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As a pioneer and leading innovator of air containment, contamination control and precision cell culture products, Baker doesn’t take shortcuts when it comes to protecting you or your research.

Over the last year, Baker’s mission to #SupportScience has never been more important as we aim to continue to champion those currently working in patient and clinical care. Let’s take a look at some of this month’s key findings!

1. A Repurposed Tuberculosis Vaccine


Worldwide, volunteers are working to develop a vaccine previously used for the prevention of TB as a new treatment for Type 1 Diabetes, Alzheimer’s Disease and MS. BCG is a live but weakened version of Mycobacterium Bovis, a relative of M. Tuberculosis and the vaccine has been around for 100 years or more, originally given to children in almost all non-western nations.

The vaccine is proven to boost immunity and, in some situations, BCG might also calm an overactive immune system too. It is this calming effect that led researchers to examine BCG for autoimmune and inflammatory diseases.

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2. Killer T Cells Are Blocked from Fighting Cancer Cells


When examining ‘fats’, there are good fats and there are bad fats, more commonly known as ‘trans fats’. Foods containing these are primarily processed or made with ‘trans fat’ from hydrogenated oil. A new study, completed by researchers at Salk Institute has demonstrated how these fats can hinder T Cells from fighting cancer cells.

While scientists know that tumors accumulate fats and are associated with immune dysfunction, the full relationship still isn’t fully understood. However, scientists now know that the tumor microenvironment contain an abundance of oxidized fat molecules which have the ability to suppress killer T cells.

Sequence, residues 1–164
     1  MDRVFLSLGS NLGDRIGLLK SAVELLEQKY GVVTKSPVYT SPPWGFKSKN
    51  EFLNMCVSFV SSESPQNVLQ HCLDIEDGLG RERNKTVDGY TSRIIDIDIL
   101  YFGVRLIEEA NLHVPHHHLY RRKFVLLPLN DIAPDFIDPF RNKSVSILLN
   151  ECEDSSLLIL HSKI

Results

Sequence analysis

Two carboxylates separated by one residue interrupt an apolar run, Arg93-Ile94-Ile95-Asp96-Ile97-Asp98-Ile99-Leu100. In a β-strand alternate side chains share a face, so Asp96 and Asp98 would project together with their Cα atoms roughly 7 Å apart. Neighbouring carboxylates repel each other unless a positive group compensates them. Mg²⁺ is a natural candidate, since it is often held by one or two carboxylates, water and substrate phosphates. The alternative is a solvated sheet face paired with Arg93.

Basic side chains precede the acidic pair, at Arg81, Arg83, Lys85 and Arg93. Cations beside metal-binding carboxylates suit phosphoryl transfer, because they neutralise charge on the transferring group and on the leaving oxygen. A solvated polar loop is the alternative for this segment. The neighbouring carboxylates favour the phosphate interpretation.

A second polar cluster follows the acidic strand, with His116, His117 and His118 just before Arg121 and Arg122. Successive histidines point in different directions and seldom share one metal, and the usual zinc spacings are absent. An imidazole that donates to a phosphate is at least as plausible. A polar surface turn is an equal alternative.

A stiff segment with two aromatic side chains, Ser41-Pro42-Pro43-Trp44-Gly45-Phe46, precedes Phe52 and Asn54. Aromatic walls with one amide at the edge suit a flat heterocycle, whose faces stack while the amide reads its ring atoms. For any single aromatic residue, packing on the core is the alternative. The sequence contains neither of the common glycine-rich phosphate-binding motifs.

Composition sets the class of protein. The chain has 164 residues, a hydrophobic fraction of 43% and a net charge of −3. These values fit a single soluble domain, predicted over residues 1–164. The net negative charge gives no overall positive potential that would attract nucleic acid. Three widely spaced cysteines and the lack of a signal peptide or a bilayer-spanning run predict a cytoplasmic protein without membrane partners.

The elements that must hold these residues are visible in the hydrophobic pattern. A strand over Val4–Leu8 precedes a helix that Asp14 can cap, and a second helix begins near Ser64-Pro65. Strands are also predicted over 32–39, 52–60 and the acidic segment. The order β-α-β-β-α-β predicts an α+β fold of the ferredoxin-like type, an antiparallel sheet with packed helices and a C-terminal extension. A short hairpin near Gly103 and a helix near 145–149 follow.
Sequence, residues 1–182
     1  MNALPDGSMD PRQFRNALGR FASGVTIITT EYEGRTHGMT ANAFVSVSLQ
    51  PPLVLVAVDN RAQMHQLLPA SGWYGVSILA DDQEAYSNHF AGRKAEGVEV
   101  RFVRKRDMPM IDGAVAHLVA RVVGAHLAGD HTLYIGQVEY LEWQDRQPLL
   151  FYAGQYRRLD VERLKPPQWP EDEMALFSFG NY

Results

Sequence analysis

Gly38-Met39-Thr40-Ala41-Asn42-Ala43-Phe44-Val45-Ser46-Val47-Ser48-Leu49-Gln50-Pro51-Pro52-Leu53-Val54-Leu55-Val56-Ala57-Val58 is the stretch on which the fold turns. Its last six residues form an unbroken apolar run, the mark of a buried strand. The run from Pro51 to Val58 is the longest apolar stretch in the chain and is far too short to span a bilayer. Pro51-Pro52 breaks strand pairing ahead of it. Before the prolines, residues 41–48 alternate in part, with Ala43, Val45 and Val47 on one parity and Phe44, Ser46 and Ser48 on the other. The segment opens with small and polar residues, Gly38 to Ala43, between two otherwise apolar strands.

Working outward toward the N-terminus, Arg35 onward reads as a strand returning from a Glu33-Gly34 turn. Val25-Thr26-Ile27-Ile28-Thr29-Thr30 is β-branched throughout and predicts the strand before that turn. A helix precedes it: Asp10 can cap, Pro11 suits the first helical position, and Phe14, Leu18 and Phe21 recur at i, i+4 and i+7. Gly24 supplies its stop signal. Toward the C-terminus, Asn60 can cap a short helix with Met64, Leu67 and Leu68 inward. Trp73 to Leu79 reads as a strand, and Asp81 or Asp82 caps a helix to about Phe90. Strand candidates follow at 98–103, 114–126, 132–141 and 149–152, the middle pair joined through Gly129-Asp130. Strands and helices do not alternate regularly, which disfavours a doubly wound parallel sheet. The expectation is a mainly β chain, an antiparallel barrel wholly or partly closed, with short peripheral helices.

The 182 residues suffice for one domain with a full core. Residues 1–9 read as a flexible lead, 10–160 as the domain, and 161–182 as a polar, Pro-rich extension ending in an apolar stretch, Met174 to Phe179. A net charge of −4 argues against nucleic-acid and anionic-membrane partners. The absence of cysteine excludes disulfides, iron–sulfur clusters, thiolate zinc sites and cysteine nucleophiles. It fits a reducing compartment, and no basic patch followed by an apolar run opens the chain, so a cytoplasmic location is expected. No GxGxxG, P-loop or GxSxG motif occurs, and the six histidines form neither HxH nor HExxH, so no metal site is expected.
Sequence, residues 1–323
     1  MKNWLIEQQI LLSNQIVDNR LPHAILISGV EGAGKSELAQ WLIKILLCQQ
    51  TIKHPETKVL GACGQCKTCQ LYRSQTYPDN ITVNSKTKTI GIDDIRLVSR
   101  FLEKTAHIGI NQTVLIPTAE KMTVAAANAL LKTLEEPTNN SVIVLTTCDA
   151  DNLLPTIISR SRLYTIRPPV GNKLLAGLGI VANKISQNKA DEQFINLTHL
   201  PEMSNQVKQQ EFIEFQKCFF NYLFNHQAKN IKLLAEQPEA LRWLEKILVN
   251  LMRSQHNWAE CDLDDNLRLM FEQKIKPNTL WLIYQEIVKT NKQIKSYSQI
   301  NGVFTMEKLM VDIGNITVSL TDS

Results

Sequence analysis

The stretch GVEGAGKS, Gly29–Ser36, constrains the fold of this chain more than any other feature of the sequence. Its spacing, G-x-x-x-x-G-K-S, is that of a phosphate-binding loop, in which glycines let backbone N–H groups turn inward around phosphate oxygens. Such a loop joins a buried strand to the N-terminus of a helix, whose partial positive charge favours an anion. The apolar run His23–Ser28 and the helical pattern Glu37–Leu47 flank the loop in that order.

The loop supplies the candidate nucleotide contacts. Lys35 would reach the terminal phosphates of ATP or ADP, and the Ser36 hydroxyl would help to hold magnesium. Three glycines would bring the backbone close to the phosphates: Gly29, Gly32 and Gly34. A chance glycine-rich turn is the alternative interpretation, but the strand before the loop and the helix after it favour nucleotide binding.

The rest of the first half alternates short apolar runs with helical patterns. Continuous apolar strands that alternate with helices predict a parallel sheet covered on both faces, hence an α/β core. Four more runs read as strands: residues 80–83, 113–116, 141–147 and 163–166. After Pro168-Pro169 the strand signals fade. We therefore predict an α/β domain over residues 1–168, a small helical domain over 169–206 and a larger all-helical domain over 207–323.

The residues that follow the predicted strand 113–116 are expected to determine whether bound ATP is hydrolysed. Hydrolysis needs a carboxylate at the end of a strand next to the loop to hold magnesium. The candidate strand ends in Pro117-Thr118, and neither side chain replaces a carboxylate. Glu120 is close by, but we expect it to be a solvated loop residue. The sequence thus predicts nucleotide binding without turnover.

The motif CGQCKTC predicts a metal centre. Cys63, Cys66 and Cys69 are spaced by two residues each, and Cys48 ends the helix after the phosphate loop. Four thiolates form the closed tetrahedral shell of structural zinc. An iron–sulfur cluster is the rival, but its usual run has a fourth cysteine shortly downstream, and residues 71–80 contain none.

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3. Innovation for Alzheimer’s Disease


Alzheimer’s disease is an irreversible and progressive brain disorder that slowly takes away the memory and thinking skills and eventually the ability to carry out simple tasks too. It is estimated that on average the disease affects around 6.2 million Americans and the impact is only expected to worsen with the growth of an aging population.

However, a new therapy known as Aduhelm is the first new treatment approved for Alzheimer’s since 2003 and focuses on targeting the accumulation of amyloid beta plaques in the brain; with such plaques a defining pathology of Alzheimer’s disease.

This new treatment could mark a crucial turning point in the development of Alzheimer’s disease.

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4. Human Cells Can Write RNA Sequences into DNA


Researchers from Thomas Jefferson University have challenged long-held dogma in biology, showing that mammalian cells can convert RNA sequences back into DNA, a feat more common in viruses than eukaryotic cells.

We know that cells contain machinery that duplicates DNA into a new set that forms into a newly formed cell. But, polymerases were thought to only work in one direction, DNA into DNA or RNA. However, Thomas Jefferson University researchers provide the first evidence that RNA segments can actually be written back into DNA. This discovery opens doors to many other studies that will help us understand the significance of messaging between RNA and DNA.

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5. Implant to Reverse Type 1 Diabetes


Researchers at Washington University School of Medicine and Cornell University have collaborated to develop a tiny implant that successfully delivers insulin-secreting cells. Introducing new insulin-producing cells can re-trigger the autoimmune disease process that originally destroyed beta cells in the pancreas of someone suffering with Type 1 diabetes.

Over the years, scientists have tried several varying implants all with different success rates, however its key that the device has small enough openings to prevent the invasion of immune cells while being large enough to take in the nutrients and oxygen as well as release the insulin.

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